Half Nelson is that rarest of films, one that pulsates as if life is actually unfolding before our eyes. That's no small feat. Its characters feel real, vibrant, hopelessly complicated and, most impressive of all, unpredictable. It even takes a somewhat shopworn genre -- the crusading white teacher providing uplift to his disadvantaged minority students -- and promptly subverts audience expectations.
One of the best films of 2006, Half Nelson is also notable for a powerhouse performance by Ryan Gosling. Here he portrays Dan Dunne, a Brooklyn middle-school history teacher and girls' basketball coach of considerable smarts and charm. He is an unconventional educator, urging his students, most of whom are African-American and Latino, to view history as a never-ending push-and-pull of conflicting forces.
Dan's own conflicting forces take shape once his workday ends. Away from the classroom, he feeds a paralyzing addiction to crack cocaine. Dan's personal and professional worlds eventually collide one evening when he feeds his habit in a restroom stall at the school. There he is discovered by one of his female pupils, a 13-year-old latchkey kid named Drey (Shareeka Epps). Neither one knows how to handle the potentially explosive situation, but a tenuous friendship gradually develops between the pair.
It's an odd dynamic. The guarded and tight-lipped Drey is the stronger of the two. She is disappointed by her teacher's behavior, but not entirely surprised. Drey's brother is serving time in prison; while his offense is not made explicit, viewers presume it was drug-related since the brother's charismatic cohort, Frank (an excellent Anthony Mackie), peddles dope in the neighborhood. Dan tries to steer Drey away from Frank's overtures at friendship, but Dan, as Drey rightly observes, is a bit compromised when it comes to being a credible mentor.
Part of Half Nelson's brilliance is its continual thwarting of expectations. It would have been easy enough for director-writer Ryan Fleck and co-writer Anna Boden to stand and deliver yet another tale of a tough but openhearted teacher changing the lives of ghetto children. The filmmakers eschew such conventions, but neither do they settle for Dan finding salvation through the help of a wise-beyond-her-years girl.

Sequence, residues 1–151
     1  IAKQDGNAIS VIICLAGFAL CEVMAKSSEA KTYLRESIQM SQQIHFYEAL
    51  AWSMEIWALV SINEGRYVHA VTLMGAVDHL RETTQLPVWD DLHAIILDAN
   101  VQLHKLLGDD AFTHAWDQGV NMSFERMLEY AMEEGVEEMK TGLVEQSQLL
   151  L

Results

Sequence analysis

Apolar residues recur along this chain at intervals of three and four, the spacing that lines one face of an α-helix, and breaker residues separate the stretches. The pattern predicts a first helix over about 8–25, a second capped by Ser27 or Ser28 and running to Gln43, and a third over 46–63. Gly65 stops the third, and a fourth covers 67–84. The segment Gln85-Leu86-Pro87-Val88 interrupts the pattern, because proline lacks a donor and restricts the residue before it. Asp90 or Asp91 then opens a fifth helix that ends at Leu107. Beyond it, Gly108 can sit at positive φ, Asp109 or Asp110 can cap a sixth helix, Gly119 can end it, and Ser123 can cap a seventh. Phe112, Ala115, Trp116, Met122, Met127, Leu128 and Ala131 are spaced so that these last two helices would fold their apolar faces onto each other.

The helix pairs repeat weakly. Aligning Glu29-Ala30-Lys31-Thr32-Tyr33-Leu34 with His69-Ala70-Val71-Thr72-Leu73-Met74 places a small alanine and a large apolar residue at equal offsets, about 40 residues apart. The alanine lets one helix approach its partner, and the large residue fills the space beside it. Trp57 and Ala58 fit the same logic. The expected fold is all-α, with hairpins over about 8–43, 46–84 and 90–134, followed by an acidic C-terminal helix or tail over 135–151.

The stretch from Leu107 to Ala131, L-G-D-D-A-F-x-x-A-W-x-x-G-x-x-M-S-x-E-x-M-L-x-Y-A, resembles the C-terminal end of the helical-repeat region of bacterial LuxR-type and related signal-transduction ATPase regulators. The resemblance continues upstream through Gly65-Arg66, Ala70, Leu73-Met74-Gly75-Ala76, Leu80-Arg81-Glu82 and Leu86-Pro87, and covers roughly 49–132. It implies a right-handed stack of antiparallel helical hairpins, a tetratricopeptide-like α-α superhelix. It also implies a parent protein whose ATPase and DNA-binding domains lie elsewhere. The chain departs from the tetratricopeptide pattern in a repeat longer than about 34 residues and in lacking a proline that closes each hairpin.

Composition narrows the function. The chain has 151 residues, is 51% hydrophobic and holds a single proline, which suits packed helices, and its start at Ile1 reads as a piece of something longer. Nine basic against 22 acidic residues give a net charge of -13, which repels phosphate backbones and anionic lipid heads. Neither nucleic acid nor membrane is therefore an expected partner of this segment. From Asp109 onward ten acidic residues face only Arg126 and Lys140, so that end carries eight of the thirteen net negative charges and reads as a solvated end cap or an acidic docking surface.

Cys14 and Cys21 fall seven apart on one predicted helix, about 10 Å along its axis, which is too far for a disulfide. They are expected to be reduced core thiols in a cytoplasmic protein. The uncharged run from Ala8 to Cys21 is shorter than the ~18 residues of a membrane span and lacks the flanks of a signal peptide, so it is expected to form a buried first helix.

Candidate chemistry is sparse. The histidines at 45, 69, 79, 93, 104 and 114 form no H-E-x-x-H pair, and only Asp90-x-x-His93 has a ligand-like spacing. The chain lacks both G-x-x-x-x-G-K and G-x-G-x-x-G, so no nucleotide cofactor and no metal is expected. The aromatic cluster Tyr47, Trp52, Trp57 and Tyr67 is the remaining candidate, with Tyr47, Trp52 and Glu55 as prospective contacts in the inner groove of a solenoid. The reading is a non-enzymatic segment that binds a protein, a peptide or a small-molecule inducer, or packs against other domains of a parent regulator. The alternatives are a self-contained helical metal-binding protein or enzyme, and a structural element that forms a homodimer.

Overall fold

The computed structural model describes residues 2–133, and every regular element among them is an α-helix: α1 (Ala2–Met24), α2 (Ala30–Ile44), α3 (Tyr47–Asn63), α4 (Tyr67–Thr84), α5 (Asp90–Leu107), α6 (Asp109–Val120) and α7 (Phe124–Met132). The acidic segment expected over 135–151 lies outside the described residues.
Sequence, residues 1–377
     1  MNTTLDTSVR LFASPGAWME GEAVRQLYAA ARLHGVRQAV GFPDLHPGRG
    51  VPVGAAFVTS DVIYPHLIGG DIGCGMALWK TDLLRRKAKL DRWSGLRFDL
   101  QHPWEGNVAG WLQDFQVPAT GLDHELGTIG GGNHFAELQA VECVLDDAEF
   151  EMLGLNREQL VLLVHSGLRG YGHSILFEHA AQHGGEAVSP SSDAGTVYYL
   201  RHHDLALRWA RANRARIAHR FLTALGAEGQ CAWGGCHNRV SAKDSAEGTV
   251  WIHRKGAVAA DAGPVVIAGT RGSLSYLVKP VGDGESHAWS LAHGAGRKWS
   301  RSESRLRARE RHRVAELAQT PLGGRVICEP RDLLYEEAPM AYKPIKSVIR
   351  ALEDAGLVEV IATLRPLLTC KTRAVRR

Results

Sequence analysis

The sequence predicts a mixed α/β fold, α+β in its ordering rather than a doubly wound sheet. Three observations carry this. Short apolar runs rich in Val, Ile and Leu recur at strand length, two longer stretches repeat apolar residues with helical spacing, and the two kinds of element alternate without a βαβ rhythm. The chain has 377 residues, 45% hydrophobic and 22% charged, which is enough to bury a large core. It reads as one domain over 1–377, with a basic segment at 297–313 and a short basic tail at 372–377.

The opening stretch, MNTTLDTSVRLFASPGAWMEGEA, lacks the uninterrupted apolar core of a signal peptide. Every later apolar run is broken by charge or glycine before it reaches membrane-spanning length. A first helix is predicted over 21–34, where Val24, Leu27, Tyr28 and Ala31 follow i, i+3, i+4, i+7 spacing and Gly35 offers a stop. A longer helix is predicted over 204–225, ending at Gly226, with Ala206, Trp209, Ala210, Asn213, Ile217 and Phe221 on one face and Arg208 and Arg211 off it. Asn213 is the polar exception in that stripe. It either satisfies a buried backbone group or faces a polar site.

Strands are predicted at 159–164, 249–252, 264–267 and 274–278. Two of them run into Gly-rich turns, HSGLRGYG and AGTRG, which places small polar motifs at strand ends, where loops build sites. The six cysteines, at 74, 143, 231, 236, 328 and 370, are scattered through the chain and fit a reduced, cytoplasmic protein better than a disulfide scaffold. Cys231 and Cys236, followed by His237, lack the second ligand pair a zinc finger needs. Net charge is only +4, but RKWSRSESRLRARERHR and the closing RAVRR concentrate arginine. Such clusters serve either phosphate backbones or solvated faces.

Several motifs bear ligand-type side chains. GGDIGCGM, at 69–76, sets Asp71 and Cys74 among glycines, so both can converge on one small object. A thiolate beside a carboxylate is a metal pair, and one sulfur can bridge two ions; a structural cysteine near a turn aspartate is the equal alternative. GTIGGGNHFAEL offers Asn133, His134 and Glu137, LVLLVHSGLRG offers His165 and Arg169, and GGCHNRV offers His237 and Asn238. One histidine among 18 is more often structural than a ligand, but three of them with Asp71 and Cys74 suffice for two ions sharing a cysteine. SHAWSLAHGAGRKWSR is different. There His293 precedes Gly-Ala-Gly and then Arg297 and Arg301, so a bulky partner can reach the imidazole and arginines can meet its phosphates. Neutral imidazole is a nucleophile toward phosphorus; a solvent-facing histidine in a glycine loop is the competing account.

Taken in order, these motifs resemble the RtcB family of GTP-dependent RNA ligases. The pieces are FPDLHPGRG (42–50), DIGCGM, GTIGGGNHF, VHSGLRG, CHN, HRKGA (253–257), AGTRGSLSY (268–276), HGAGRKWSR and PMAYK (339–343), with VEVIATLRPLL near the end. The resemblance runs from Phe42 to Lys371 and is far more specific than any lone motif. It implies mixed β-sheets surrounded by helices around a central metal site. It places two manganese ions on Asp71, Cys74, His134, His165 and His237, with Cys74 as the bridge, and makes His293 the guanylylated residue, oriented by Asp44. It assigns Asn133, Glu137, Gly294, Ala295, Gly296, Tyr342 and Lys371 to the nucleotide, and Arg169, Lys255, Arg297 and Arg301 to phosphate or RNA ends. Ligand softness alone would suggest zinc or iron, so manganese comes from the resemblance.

Half Nelson (the title refers to a particularly discomfiting wrestling hold) resists pat situations. There is no heavy-handed explanation for Dan's addiction. Instead, the film lets its characters breathe, hearkening to the cinema verite of 1970s American cinema. The narrative ambles, elliptical in approach, forcing the audience to take an active role. Motivations are not easily discernible -- just as in real life. In the process, Half Nelson achieves a sublime poignancy that is, in a strange way, uplifting.
The acting is superb. Epps, who had no previous acting experience, proves to be an extraordinary find; she conveys much through her sharp, intelligent eyes. Mackie is similarly excellent as Frank, lending a memorable presence to what could have been a peripheral role. But this is easily Gosling's movie. He is mesmerizing and entirely deserving of his Oscar nomination.
As you would expect from a film released only a year ago, Half Nelson is a beautiful print. The picture, presented in anamorphic widescreen 1.78:1, boasts vivid colors and sharp detail. There is no discernible defect such as edge enhancement or aliasing.
In Dolby Digital 5.1, the sound is clear and crisp and, given its documentary-like style, offers surprisingly immersive audio. Moreover, it provides a clean showcase for the moody musical score by Broken Social Scene.
Subtitles are available in English and Spanish.
A commentary with Half Nelson director-writer Ryan Fleck and co-writer-producer-editor Anna Boden is relaxed and informative; the two have a wonderfully low-key rapport. They point out that many of the onscreen students in Dan's class were non-actors; Gosling had to work to grab their attention. Fleck and Boden also say Gosling is such a gifted actor that he can will himself to have a nosebleed. Take that, Brando.
Three deleted scenes combine for a three-minute, 29-second running time. One noteworthy scene left on the cutting-room floor shows Dan powerless to discipline Drey once she has discovered his secret.
Four extended scenes clock in for an aggregate length of three minutes and 23 seconds; they are of mild interest. The DVD includes almost seven minutes of outtakes and a Rhymefest music video for "Wanted."
With fully realized characters and the ability to surprise and challenge audience expectations, Half Nelson can be a devastating experience. Best of all is a captivating performance by Gosling, who finally gets to demonstrate his formidable acting chops. While the only DVD bonus of real merit is the Ryan Fleck-Anna Boden commentary, Half Nelson is still a worthy addition to the collection of any indie film buff.